Does stoicism make you happier? Are stoics happier?

What is happiness? In this article, we will examine this notion and see how stoics can advise us to reach the state of eudaimonia, the Aristotelian ethic of living well.  

It is a common opinion that happiness is an individual feeling. We think that our happiness depends on reaching some goal. Our goals in life are different, and therefore happiness must mean different things for each of us. 

Stoics would not agree with such an attitude to happiness. 

Happiness is not simply an individual feeling because if that was the case, happiness couldn’t be shared. Stoics thought that a universal concept of happiness exists and it can be found in the mind. We all have the same basic need to be happy and stoics mapped out where it lies. 

It is wrong to think that happiness can be measured and that some people are happier or less happy than others. There are no varying degrees of happiness. In other words, you are either happy or not. Stoics thought so, and they weren’t wrong. Because, when we are happy, we don’t stop to compare our happiness with someone else’s. 

Now, we will address the notion of happiness in stoic philosophy. It all starts with the mind and our perceptions, so let’s begin. 

Mind and Eudaimonia

The happiness of your life depends upon the quality of your thoughts.  

Marcus Aurelius

In Greek philosophy, including the Stoics, eudaimonia represented the highest goal in reaching happiness. The Greek origin of the word eudaimonia means being on good terms (eu) with your highest self (daimon).

Stoic eudaimonia is recognized as the insight of living in accordance with nature. This is the main stoic principle from which happiness becomes possible. Living in accordance with nature is living in accordance with mind, which means living a virtuous life.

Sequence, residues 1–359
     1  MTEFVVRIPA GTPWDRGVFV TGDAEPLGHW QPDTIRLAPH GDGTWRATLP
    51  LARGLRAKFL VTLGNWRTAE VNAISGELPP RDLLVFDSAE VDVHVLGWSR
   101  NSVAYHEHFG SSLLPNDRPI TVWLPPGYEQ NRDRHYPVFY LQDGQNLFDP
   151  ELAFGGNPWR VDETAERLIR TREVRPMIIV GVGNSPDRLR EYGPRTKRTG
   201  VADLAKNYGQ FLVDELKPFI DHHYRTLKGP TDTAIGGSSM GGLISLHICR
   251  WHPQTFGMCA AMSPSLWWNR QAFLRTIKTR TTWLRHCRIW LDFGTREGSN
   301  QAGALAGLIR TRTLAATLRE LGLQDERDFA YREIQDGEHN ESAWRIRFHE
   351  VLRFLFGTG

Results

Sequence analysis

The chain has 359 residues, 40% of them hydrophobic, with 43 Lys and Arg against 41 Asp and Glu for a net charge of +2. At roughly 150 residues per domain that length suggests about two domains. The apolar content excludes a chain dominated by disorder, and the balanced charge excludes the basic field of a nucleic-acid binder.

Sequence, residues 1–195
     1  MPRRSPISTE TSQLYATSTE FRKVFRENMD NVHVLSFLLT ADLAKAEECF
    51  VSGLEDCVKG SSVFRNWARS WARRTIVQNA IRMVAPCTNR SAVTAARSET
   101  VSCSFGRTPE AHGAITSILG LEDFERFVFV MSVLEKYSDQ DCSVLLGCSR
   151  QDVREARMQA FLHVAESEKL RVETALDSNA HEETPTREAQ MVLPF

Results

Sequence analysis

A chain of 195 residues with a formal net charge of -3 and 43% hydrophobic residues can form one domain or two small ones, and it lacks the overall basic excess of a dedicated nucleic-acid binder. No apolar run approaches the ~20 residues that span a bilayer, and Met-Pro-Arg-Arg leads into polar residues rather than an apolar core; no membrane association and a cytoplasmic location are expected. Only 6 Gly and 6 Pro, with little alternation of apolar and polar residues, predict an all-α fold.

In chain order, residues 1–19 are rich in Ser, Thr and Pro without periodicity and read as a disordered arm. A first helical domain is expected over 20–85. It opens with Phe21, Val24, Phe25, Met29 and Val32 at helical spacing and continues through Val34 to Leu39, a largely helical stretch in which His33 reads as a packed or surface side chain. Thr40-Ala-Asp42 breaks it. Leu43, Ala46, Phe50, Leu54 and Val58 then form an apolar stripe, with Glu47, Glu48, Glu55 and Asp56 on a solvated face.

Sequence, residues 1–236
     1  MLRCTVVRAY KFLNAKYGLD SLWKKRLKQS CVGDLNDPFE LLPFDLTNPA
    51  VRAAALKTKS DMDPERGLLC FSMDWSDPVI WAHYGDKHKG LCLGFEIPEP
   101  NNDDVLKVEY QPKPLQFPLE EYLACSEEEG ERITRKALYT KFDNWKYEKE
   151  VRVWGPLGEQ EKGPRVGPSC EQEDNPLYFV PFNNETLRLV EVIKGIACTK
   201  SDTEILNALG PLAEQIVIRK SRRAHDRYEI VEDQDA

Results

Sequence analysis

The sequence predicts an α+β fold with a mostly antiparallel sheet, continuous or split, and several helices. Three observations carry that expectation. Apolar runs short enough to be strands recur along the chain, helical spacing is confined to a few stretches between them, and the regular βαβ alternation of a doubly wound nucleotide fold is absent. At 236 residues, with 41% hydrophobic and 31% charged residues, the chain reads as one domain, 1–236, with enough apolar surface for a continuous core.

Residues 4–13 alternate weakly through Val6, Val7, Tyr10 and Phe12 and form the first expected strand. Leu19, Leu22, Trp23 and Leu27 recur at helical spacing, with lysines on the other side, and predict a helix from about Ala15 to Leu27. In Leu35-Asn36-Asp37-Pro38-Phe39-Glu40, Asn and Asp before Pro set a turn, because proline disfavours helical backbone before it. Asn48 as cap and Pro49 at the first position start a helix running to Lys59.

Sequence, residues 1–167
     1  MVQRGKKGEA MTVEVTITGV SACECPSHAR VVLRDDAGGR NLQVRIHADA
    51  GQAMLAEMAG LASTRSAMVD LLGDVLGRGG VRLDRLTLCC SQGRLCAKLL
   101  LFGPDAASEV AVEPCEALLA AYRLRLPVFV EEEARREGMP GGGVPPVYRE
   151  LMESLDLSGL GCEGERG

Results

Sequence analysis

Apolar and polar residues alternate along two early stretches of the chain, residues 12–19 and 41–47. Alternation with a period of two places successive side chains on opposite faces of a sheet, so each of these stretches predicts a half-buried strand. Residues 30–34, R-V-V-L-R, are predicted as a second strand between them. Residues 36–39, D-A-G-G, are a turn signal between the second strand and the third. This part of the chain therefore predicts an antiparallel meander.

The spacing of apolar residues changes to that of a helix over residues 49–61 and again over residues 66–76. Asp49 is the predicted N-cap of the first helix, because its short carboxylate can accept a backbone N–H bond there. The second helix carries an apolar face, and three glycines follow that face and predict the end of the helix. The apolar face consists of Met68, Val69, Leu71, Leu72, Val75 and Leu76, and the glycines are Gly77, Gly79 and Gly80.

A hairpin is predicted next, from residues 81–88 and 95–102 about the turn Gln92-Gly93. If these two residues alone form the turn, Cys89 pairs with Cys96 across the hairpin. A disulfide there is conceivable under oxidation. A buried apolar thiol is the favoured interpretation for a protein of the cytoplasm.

Happiness and well being lie within us, not in external factors. Eudaimonia means happiness, which stems from our own contentment and as such is permanent.

Virtue is happiness and being virtuous is reaching the psychological state of eudaimonia. However, the reward for virtue should be virtue itself. 

One ought to seek out virtue for its own sake, without being influenced by fear or hope, or by any external influence. Moreover, that is what happiness consists of.

Zeno of Citium

External influences on our character can’t help us to become virtuous and happy.  

The essence of philosophy is that a man should so live that his happiness shall depend as little as possible on external things.


Happiness comes from our reasonable conduct and behavior. And reason tells us that not all things are controllable. Mind and will are in our control, and our happiness depends on that knowledge.

In order to be happy, then, one must build that happiness on the foundation of its mind. Knowing what you can and can’t do is the first milestone of wisdom, which is one of the four cardinal virtues.

Ultimately, wisdom is the path to happiness 

Through not observing what is in the mind of another, a man has seldom been seen to be unhappy; but those who do not observe the movements of their own minds must of necessity be unhappy. 

Marcus Aurelius 

If you are  trying to control external things and events in order to be happy then all you are doing is feeding on your imagination. The present moment is of vital importance for Stoics. Consequently, our actions which can improve and lead to our best selves are only possible in the present. Focus your energy on the present moment, and act in the best way possible.

The last thing we would like to mention is the problematic relationship of our lives and fate. Stoics believed that fate exists and that everything is preordained. Humans, as creatures gifted with reason, can choose to accept fate or to deny it. 

The biggest misfortune for your soul is to deny fate. All Stoics agreed with that. The hubris of living as if the world revolves around you, and that it can be unjust, triggers rage and fear, which leads to suffering.

The wise person accepts fate and will never oppose it because they know that everything that happens is indifferent to us. They will choose to hold onto their mind and not to be shaken by external and uncontrollable things. They will work on themselves to strengthen their mind and character in order to stay virtuous and strong against the winds of formidable fate. And that equanimity in changing situations is ultimately the key to wisdom and consequently happiness.  

Fate leads the willing and drags along the reluctant.